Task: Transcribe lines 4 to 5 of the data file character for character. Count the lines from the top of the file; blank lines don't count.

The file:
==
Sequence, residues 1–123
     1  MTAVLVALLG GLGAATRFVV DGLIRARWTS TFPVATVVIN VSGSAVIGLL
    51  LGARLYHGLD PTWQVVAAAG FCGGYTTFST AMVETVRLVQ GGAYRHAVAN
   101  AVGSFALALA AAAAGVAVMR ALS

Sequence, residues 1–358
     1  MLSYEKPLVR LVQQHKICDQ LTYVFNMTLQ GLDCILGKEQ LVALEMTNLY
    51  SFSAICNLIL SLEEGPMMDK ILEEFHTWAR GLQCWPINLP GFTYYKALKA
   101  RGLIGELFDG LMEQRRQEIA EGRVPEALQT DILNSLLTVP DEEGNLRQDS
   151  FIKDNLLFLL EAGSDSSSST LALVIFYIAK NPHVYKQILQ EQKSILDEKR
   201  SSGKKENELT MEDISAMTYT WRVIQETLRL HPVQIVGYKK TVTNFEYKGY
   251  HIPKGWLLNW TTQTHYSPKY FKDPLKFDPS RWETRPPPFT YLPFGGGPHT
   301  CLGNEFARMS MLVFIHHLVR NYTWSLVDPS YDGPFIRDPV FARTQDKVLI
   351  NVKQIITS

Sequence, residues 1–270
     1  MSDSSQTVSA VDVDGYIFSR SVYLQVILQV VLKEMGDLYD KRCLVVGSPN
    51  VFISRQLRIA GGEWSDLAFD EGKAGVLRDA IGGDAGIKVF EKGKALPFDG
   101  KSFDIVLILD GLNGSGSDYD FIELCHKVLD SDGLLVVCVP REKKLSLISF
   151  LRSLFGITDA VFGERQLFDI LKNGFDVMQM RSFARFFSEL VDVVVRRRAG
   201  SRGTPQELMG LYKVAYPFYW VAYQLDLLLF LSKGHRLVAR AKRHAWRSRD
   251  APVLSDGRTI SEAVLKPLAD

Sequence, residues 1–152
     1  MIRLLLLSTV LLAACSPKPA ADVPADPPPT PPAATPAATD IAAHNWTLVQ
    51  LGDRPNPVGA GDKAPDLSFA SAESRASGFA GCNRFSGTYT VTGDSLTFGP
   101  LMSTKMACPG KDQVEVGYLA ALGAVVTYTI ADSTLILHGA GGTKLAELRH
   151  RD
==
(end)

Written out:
   101  AVGSFALALA AAAAGVAVMR ALS

Sequence, residues 1–358